Pancreatic Cancer

Most cases of pancreatic cancer are caused by exocrine tumors. About 95 percent of cancer of the exocrine pancreas are adenocarcinomas. These cancers usually begin in the ducts of the pancreas, but they sometimes develop from the cells that make the pancreatic enzymes. Less common types of cancer of the pancreas include adenosquamous carcinomas, squamous cell carcinomas, and giant cell carcinomas. It is estimated that more than 56,000 people will be diagnosed with pancreatic cancer this year.

Pancreatic Cancer Risk Factors

The risk of developing pancreatic cancer increases with age, and those with family history also have a higher risk. Below is a complete list of pancreatic cancer risk factors:

  • Age
  • Gender
  • Race
  • Smoking
  • Obesity
  • Diabetes
  • Chronic pancreatitis
  • Cirrosis of the liver
  • Occupational exposure
  • Bladder birth defects
  • Family history
  • Genetic syndromes
  • Stomach problems
  • Diet
  • Coffee
  • Alcohol

Pancreatic Cancer Signs and Symptoms

Pancreatic cancer is often hard to detect. If any of the signs and symptoms described below are present, certain exams and tests may be done to determine whether the symptom is caused by pancreatic cancer or another disease. It’s also important to note that if these symptoms occur, pancreatic cancer might already be in its late stages, so seek medical advice right away.

  • Jaundice
  • Abdominal or back pain
  • Weight loss and poor appetite
  • Digestive problems
  • Gallbladder enlargement
  • Blood clots or fatty tissue abnormalities
  • Diabetes
  • Gastrinomas
  • Insulinomas
  • Somatostatinomas
  • VIPomas
  • PPomas
  • Carcinoid tumors
  • Non-functioning tumors
  • Pancreatic Screening

Unfortunately, one reason for the often-poor outlook for people with pancreatic cancer is that very few of these cancers are found early. The pancreas is located deep inside the body and can’t be seen or felt by physicians during routine exams. Right now, there are no blood tests to find early cancers of the pancreas. Doctors are looking to see if something called endoscopic ultrasound can be useful in screening people with a high risk of pancreatic cancer.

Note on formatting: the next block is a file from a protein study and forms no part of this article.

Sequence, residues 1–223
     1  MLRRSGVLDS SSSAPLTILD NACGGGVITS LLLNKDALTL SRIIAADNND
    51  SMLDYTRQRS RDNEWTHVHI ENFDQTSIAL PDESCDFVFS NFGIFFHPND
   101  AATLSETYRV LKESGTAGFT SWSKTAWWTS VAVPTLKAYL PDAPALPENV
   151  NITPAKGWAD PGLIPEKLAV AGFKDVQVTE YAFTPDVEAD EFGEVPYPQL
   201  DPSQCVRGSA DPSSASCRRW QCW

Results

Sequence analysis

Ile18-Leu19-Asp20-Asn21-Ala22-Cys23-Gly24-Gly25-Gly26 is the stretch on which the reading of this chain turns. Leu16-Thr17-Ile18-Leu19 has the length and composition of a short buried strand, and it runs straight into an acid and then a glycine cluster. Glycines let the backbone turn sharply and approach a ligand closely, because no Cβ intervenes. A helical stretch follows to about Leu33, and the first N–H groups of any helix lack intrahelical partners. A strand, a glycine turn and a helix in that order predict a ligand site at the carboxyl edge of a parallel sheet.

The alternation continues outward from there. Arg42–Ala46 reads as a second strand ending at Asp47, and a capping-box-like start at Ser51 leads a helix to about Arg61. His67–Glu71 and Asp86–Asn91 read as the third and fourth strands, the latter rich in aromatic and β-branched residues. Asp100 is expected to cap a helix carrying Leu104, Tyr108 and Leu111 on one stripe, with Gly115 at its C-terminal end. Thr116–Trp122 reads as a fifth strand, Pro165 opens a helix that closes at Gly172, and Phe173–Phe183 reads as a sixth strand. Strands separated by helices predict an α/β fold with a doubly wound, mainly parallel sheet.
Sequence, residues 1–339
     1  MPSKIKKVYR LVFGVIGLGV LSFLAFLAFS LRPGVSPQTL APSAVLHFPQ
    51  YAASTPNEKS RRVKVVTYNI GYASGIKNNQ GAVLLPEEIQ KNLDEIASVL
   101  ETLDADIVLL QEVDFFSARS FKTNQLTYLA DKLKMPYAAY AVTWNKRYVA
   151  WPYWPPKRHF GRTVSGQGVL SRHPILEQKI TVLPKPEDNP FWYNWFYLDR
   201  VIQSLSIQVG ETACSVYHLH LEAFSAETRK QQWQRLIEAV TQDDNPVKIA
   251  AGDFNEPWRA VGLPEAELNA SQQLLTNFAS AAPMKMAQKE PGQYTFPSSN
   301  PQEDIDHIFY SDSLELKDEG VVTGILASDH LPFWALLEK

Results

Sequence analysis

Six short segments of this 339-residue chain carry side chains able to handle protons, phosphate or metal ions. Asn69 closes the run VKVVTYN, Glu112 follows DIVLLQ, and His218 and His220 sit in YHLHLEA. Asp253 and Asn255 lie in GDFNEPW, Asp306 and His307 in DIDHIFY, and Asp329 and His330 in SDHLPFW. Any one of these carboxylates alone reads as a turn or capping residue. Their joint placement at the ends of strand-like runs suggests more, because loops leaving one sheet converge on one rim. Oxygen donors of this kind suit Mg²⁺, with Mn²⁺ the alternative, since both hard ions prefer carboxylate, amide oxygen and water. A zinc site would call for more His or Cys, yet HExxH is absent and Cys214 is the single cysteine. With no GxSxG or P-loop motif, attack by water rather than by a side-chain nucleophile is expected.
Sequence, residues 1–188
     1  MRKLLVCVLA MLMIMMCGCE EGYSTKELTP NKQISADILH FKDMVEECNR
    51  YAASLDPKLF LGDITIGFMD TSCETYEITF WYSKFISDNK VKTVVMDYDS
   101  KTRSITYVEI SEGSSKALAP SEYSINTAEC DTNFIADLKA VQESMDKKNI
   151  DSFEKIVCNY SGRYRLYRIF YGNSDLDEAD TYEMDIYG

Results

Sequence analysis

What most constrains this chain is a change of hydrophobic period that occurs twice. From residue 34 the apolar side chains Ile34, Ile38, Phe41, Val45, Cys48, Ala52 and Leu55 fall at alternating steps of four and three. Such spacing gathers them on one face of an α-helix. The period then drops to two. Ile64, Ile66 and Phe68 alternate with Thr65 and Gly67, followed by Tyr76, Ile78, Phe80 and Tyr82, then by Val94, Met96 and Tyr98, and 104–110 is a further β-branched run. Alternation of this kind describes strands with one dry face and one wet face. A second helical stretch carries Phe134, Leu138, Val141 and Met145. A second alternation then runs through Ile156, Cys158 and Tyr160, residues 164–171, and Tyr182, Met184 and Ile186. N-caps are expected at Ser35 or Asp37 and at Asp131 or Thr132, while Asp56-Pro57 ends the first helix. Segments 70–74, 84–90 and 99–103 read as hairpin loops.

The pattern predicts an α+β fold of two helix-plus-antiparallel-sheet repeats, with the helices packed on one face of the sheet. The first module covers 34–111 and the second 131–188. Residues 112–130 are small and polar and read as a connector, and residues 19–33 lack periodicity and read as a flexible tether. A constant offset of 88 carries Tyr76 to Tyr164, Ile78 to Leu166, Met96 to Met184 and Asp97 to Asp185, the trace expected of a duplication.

Pancreatic Cancer Treatment

Treatment options for pancreatic cancer patients often include surgery, radiation therapy, chemotherapy, or targeted therapy. One form of radiation therapy, the most powerful advancement in cancer treatment ever available in Southern Nevada, is CyberKnife® Radiosurgery. The technology is exclusive to Comprehensive and offers patients with a painless, non-invasive treatment alternative that uses computer-operated robotics and image guidance technology to treat hard-to-reach tumors like those found in pancreatic cancer.

In addition, clinical trials are regularly conducted to identify new or expanded cancer therapies to improve treatment outcomes for pancreatic cancer. Through participation in clinical trials, patients can help physicians identify new and promising therapies, while expanding their own treatment options. For more information about our research efforts, click here.